Italian students were interested in particular in the Orthodox archpastor’s opinion about what is exactly the danger of ‘the consumer society’ asserted today as an unfailing model. ‘The ideology of consumer society is radically contrary to the ideals which Christ has foreordained for us in His Gospel’, Metropolitan Hilarion stressed, ‘Let us recalled the words with which the Lord begins His Sermon on the Mount: Blessed are the poor in spirit, for theirs is the kingdom of heaven. Blessed are those who mourn, for they will be comforted. Blessed are the meek, for they will inherit the earth (Mt. 5:3-5). That is, Jesus Christ speaks about what brings happiness to the human being. But the modern consumer society propagandizes, ‘No, you will be happy only if you have much money and a professional success; if you attain great heights in society’.
However, the ideology of consumerism is contrary to not only Christian ideals but also general human values, on which the life of humanity has been built for centuries in all countries and by all peoples, His Eminence stated, ‘In any nation you can be told that one’s happiness on earth is determined by how strong and well-off one’s family is. And this idea of God’s blessing handed down through descendants, through the family, imbues all the religious traditions without exception. Whereas the ideology of consumerism affirms that the family is not the most important thing but the most important thing is to draw the maximum of pleasure from life. So, if you like it you can start a family but if you do not you can live for kicks, in a civil union, and it is not at all necessary to have children to be happy and successful.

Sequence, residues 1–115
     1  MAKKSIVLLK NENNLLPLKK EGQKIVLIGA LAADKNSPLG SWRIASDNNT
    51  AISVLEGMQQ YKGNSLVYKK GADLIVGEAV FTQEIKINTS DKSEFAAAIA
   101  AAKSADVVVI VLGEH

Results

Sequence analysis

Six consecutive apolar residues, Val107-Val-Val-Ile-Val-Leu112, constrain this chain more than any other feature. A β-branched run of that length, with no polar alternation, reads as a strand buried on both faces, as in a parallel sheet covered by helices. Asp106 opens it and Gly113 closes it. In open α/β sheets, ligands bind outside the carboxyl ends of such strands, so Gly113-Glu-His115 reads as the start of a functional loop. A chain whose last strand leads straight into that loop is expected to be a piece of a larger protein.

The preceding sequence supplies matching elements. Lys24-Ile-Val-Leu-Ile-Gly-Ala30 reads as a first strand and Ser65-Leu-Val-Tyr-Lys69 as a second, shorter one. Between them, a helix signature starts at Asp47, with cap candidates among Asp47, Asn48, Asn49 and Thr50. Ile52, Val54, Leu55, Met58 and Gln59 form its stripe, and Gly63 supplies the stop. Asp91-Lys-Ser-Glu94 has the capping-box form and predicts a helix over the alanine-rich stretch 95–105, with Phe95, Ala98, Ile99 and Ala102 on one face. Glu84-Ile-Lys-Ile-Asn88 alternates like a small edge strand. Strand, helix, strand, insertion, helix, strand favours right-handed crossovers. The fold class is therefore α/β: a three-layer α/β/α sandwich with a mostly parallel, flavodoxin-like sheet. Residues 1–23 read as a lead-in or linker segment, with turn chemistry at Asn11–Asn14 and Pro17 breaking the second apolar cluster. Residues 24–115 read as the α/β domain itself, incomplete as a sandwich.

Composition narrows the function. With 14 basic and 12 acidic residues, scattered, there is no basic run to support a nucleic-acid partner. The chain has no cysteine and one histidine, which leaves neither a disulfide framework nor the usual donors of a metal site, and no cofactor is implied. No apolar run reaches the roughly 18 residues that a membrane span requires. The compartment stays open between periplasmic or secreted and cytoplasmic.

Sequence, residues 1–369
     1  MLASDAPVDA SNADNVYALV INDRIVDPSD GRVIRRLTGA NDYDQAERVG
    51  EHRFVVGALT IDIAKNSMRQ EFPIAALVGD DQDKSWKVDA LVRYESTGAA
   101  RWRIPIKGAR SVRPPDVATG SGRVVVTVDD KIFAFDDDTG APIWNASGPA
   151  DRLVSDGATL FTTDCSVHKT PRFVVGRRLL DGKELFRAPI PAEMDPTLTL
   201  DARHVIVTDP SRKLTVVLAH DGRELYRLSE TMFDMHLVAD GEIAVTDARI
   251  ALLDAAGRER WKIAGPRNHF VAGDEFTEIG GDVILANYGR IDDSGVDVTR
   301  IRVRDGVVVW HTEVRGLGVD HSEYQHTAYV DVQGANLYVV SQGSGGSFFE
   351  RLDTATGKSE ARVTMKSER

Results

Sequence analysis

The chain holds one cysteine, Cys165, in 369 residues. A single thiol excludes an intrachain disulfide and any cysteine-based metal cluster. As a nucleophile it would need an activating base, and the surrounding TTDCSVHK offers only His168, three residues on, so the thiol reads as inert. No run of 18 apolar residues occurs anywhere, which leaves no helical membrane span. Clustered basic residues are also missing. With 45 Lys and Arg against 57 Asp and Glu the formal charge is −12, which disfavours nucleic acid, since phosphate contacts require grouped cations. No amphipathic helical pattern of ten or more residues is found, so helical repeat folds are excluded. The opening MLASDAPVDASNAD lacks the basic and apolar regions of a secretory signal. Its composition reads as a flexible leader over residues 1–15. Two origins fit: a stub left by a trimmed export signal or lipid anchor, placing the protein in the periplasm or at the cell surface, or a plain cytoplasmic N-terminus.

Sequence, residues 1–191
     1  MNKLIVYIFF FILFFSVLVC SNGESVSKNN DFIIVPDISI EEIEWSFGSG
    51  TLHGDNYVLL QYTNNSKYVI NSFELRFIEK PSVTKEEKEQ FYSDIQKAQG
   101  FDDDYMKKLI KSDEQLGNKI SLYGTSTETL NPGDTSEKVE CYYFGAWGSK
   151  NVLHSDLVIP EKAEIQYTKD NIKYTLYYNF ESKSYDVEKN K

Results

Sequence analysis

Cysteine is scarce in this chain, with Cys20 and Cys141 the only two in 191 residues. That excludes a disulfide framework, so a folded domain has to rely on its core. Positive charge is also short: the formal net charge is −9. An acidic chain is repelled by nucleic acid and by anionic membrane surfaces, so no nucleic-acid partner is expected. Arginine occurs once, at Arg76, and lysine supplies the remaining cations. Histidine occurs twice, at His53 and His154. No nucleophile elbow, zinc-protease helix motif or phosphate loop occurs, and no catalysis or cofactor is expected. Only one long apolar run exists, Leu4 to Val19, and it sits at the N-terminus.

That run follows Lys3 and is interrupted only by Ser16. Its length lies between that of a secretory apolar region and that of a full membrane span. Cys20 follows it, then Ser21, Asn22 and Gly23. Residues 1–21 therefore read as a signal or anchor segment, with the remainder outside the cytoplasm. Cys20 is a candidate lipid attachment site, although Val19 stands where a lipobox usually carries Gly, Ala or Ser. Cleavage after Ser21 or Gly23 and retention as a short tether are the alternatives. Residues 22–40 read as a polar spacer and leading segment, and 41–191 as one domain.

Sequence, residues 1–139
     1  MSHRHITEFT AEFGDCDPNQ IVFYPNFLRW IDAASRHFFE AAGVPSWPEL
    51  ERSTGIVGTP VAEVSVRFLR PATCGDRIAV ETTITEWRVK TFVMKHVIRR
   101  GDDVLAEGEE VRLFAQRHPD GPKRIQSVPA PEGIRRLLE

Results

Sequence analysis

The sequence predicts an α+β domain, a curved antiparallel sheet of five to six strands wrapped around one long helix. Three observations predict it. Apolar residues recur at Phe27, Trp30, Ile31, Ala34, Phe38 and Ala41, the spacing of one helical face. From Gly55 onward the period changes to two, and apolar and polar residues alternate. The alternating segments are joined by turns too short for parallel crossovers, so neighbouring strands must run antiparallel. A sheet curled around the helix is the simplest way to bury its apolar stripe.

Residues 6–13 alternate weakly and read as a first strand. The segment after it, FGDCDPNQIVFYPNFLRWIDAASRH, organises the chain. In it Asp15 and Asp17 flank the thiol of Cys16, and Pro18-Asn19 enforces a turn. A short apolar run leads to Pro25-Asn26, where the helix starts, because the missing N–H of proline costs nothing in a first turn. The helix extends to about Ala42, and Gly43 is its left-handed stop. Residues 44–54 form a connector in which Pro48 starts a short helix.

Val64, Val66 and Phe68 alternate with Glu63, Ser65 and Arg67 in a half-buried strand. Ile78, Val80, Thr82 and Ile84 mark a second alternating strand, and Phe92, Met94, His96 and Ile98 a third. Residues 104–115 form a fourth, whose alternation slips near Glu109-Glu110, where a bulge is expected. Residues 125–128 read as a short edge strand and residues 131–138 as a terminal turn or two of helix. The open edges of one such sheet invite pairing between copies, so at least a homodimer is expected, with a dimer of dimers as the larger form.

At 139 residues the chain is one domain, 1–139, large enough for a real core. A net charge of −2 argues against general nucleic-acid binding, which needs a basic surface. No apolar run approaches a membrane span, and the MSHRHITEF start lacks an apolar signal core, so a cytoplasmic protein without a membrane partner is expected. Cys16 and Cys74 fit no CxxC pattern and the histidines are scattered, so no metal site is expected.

‘The ideology of consumerism affirms that one on one’s own can determine not only how to live, not even what one can be. For instance, if God has created one as man but he likes to be a woman, he can resort to a surgical operation to change his sex or, for instance, just call himself by a female name and everybody around will pretend that they take this man for a woman’.
According to Metropolitan Hilarion, this ideology is self-suicidal for a society, ‘If within the limits of tolerance we may say that, after all, let everyone define one’s own values at one’s will, it does not mean that such an ideology should be imposed on children in schools and young men and women in universities.
‘This ideology makes a certain influence on some Christians as well, who begin to reject their own Christian identity. And I think that in this sense, the tolerant Islam is an ally of Christianity because basically (if we speak at least of the moral Islamic postulates) this religion has the same values as those which Christianity has inherited from the Old Testament’.